DPS 35th Meeting, 1-6 September 2003
Session 45. Outer Planets/Gas Giants I
Oral, Chair: R. A. West, Saturday, September 6, 2003, 10:30am-12:00noon, DeAnza I-II

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[45.04] Moist convective storms in the atmosphere of Saturn

R. Hueso, A. Sánchez-Lavega (UPV/EHU)

Moist convective storms might be a key aspect in the global energy budget of the atmospheres of the Giant Planets. In spite of its dull appearance, Saturn is known to develop the largest scale convective storms in the Solar System, the Great White Spots, the last of them arising in 1990 triggered a planetary scale disturbance that encircled the whole Equatorial region. However, Saturn seems to be very much less convective than Jupiter, being convective storms rare and small for the most part of the cases.

Here we present simulations of moist convective storms in the atmosphere of Saturn at different latitudes, the Equator and 42º S, the regions where most of the convective activity of the planet has been observed. We use a 3D anelastic model of the atmosphere with parameterized microphysics (Hueso and Sánchez-Lavega, 2001) and we study the onset and evolution of moist convective storms. Ammonia storms are able to develop only if the static stability of the upper atmosphere is slightly decreased. Water storms are difficult to develop requiring very specific atmospheric conditions. However, when they develop they can be very energetic arriving at least to the 150 mbar level. The Coriolis forces play a mayor role in the characteristics of water based storms in the atmosphere of Saturn. The 3-D Coriolis forces at the Equator transfer upward momentum to westward motions acting to diminish the strength of the equatorial jet. The GWS of 1990 could have been a mayor force in reducing the intensity of the equatorial jet stream as revealed recently (Sánchez-Lavega et al. Nature, 2003).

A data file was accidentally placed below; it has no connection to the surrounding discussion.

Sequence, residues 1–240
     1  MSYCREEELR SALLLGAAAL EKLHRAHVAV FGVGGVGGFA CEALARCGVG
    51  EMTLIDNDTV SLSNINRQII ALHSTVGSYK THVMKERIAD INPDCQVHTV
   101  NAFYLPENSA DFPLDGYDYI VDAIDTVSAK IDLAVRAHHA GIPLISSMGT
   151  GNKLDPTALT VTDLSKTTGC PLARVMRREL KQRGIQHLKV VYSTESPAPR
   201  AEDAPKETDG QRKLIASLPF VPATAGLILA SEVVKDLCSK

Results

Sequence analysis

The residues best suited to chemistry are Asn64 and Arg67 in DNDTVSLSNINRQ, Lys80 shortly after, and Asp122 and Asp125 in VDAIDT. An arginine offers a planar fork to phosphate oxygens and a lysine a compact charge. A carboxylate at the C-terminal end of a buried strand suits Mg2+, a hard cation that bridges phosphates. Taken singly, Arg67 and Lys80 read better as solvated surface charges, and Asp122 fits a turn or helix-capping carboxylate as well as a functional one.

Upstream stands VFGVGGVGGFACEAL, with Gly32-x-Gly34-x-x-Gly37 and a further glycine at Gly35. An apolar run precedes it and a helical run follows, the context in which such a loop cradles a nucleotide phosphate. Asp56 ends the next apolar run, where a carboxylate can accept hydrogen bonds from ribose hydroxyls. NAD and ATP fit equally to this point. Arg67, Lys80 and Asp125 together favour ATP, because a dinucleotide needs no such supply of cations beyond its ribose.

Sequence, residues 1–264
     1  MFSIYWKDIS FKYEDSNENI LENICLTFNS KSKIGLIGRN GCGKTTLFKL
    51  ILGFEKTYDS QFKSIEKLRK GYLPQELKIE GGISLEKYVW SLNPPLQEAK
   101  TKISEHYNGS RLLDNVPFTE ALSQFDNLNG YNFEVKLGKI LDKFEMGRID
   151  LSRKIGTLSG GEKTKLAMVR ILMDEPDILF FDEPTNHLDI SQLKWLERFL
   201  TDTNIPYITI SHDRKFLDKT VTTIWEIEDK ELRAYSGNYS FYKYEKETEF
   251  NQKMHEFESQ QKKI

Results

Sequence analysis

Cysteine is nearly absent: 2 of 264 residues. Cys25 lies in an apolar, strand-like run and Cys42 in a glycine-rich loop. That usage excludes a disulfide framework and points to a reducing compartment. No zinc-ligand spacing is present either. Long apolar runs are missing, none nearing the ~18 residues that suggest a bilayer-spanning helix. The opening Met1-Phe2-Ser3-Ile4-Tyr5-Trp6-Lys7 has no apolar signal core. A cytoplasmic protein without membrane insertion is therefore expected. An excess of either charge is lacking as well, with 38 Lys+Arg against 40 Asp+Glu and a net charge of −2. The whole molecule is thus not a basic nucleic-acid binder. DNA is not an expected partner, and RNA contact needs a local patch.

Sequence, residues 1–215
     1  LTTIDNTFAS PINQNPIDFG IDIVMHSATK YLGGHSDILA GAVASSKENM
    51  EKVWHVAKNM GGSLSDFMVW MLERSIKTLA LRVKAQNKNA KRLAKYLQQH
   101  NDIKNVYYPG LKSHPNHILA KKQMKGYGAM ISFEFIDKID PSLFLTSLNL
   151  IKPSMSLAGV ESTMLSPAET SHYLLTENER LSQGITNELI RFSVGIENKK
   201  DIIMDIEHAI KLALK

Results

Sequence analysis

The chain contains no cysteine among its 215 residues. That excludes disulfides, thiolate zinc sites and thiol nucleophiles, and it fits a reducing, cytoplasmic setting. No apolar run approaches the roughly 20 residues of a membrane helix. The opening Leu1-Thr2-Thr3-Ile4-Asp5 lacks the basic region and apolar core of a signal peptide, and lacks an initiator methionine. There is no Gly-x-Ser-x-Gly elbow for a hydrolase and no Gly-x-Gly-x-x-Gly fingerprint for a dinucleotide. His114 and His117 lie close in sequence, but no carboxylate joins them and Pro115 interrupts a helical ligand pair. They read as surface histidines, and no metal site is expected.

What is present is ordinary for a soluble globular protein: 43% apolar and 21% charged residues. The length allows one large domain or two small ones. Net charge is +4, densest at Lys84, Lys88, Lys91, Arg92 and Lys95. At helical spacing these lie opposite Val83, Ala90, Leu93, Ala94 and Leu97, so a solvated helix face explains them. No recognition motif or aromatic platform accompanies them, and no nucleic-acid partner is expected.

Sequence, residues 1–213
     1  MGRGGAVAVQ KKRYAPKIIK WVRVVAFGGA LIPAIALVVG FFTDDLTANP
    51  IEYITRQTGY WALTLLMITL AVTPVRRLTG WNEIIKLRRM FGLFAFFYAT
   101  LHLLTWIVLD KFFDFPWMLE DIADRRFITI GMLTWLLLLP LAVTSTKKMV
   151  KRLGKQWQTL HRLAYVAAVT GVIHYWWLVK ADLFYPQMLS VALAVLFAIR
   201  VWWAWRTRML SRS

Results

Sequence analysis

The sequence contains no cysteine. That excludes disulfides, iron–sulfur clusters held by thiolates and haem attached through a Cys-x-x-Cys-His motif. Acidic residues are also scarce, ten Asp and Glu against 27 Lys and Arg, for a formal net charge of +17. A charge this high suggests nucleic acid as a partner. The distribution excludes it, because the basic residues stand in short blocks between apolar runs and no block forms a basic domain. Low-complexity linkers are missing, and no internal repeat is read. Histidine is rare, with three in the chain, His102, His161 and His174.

The Cassini spacecraft will arrive to Saturn in a year. Its observations of the atmosphere will allow to measure the amount of convective activity on the planet, its characteristics and it will clarify the role of moist convection in the atmospheric dynamics of the Giant Planets.

Acknowledgements: This work was supported by the Spanish MCYT PNAYA 2000-0932. RH acknowledges a Post-doctoral fellowship from Gobierno Vasco.

The author(s) of this abstract have provided an email address for comments about the abstract: wubhualr@lg.ehu.es

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Bulletin of the American Astronomical Society, 35 #4
© 2003. The American Astronomical Soceity.